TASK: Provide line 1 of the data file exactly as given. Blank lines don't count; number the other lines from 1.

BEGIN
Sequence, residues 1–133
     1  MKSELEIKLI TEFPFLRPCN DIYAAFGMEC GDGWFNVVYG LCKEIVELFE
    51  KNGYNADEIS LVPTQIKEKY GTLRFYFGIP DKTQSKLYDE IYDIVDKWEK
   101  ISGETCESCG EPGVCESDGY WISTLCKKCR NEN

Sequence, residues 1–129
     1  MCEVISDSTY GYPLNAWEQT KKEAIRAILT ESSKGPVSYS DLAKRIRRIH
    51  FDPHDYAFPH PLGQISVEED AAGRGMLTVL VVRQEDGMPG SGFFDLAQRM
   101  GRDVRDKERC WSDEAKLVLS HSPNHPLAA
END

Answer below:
Sequence, residues 1–133